O'Neill draws comfort from Scotland's bigger picture

Click to follow
The Independent Online

Staying out late was an unavoidable part of the job for Martin O'Neill and Dick Advocaat on Thursday night. Not another office Christmas party – though there were hangovers for varying reasons the following morning – merely a reluctance to quit the spotlight.

At 11.30pm, O'Neill was still shaking hands with friends in the Parkhead foyer after Celtic's bittersweet night which few of his 58,000 guests had wanted to end, and certainly not in the cruel twist which sent Valencia into the next round of the Uefa Cup when most of Europe had gone to bed.

Except Advocaat, who was out dancing in Paris. The Rangers manager had to be dragged off the pitch at the Parc des Princes after his team had beaten Paris St-Germain to reach the last 16. The little Dutchman's footwork was scarcely that of Gene Kelly, but jubilation, mixed with relief, supplied enough energy to lead 8,000 travelling Rangers fans in a party which did not see the stadium cleared until midnight.

Advocaat will be on his own when the music starts again in February, after the Old Firm monopolised the Uefa Cup drama on a night in which their tale of two cities embraced the ecstasy and pain of penalty shootouts.

As Rangers celebrated after PSG's Mauricio Pochettino struck the bar with his kick, Parkhead was stunned into silence when Valencia's Miguel Angel Ferrer beat Robert Douglas as even the penalty segment of this marathon tie spilled over into sudden death.

However, O'Neill, to borrow Trainspotting's maxim, prefers to choose life. The Celtic manager believes that his club, despite the harsh outcome, has witnessed a rebirth in Europe this season. And possibly Scotland has, too. "I am pleased for Scottish football that Rangers have gone through," he said. "At least Scotland has one representative, and I thought we could have joined them.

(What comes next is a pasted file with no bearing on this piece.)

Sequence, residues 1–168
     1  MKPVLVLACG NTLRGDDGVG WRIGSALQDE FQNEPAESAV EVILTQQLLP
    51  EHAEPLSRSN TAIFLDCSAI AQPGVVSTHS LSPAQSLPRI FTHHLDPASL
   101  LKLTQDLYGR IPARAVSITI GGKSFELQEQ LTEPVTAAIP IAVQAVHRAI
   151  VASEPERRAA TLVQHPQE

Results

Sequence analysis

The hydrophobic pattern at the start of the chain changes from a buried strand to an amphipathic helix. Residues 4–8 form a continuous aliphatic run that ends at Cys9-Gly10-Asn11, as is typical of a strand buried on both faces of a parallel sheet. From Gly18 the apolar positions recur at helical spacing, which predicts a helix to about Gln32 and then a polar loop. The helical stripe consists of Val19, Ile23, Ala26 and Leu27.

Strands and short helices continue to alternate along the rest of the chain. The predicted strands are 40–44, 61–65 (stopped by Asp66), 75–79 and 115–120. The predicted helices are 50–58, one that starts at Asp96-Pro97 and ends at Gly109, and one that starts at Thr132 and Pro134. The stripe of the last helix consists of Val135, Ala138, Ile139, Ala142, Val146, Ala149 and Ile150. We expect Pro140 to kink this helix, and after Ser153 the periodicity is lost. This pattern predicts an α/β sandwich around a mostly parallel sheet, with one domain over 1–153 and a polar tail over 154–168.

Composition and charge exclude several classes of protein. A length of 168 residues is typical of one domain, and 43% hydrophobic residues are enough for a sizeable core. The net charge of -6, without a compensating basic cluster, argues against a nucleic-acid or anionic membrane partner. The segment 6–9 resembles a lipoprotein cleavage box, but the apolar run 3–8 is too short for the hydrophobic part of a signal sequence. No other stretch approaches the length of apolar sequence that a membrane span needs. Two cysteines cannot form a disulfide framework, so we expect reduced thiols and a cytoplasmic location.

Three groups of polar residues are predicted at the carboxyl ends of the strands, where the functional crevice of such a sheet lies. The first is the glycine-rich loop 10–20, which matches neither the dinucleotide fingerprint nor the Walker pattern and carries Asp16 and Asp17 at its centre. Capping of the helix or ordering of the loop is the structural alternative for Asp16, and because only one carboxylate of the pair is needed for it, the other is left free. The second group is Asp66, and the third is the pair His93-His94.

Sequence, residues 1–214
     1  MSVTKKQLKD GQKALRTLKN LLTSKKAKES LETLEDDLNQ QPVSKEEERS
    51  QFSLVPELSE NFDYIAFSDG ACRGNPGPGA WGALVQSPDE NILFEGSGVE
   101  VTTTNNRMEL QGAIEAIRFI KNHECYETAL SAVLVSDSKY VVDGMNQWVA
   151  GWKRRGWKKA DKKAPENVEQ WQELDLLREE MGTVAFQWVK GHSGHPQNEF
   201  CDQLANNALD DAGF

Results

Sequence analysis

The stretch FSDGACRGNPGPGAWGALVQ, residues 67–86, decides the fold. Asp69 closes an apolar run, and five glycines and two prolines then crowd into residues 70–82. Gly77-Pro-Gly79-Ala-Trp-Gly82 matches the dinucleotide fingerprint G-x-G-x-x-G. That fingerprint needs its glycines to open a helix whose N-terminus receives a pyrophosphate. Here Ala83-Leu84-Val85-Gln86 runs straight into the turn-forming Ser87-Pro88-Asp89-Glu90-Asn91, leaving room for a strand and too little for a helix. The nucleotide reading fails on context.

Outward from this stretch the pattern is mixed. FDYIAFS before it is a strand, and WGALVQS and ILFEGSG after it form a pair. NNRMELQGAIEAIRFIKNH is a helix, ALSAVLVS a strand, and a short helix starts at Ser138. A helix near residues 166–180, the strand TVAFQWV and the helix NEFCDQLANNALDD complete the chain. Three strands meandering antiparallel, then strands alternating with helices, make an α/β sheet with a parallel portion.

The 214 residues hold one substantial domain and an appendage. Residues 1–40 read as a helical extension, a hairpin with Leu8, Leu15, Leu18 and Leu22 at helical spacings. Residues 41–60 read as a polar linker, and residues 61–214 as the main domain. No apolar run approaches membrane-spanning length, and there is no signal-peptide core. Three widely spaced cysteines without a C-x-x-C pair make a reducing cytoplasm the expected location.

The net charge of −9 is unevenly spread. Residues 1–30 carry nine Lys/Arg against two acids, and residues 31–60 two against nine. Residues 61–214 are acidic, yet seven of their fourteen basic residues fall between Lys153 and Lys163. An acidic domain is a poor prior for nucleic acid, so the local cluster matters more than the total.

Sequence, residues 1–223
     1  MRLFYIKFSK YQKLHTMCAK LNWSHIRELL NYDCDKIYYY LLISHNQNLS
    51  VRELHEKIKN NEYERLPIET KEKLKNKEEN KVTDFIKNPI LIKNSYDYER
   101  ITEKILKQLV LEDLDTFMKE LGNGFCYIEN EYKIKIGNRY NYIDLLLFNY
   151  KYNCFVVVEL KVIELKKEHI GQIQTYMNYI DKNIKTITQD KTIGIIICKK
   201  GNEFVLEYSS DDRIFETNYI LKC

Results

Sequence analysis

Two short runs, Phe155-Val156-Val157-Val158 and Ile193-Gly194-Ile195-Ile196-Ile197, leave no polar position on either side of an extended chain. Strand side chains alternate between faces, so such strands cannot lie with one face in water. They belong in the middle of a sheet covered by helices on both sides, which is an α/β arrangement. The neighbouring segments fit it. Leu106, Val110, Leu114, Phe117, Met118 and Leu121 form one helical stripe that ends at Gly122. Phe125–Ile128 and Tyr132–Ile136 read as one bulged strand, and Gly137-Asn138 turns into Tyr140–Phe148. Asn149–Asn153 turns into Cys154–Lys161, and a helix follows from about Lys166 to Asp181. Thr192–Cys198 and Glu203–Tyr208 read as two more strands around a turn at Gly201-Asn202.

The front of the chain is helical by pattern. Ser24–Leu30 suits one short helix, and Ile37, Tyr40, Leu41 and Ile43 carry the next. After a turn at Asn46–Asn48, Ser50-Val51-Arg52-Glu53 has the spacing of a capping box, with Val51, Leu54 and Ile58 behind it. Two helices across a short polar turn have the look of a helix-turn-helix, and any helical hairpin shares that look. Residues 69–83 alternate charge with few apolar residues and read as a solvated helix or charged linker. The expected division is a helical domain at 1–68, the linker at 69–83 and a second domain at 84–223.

"I am hoping the reputation of Scottish football will have been raised because European football decides your stock and we did well against Valencia, as have Rangers in Paris. To outplay the side who reached the last two Champions' League finals is significant – when it comes down to penalties, you are in the lap of the gods."

Ironically, it was the man the Celtic fans have nicknamed "God" who let them down. Henrik Larsson's sublime curling shot during normal time levelled the tie, but the Swede, who had run his legs into the ground in the previous two hours, blazed his penalty over the bar. Stilian Petrov sent his wide and Joos Valgaeren forced Santiago Cañizares, inconsolable after the shootout with Bayern Munich at San Siro last May, into his only save of the seven penalties.

O'Neill was not dishing out platitudes. Valencia's coach Rafael Benitez predicted that Celtic "have the potential to emerge as a European force" and O'Neill has the zeal – as his court action last week against an errant newspaper proved –to ensure that any empire building stays strictly in the east end of Glasgow, rather than Manchester.

"Eventually, Celtic will compete at the level Benitez is talking about," he reflected. "We have made great strides in beating teams like Juventus, Porto, Rosenborg and Ajax."

Benitez touched on the 12th man O'Neill can call on: passionate support. "The crowd were fantastic," O'Neill said. "This was reminiscent of our win over Juventus."

For Rangers, the prospect of meeting Internazionale, Milan or even Leeds, may soften the blow in the Scottish Premier League. They face Hearts today – while Celtic travel to Dunfermline – knowing that a team who have seen off Juventus and Valencia from Fortress Parkhead are unlikely to lose a 12-point lead.

Indeed, O'Neill's vision is ominous. "The only way to get to the next level is by winning the SPL again," he said. The manager put his club's pain into context. "It's less than two years since the team were booed off after being knocked out of the Scottish Cup by Inverness Caledonian Thistle."

Comments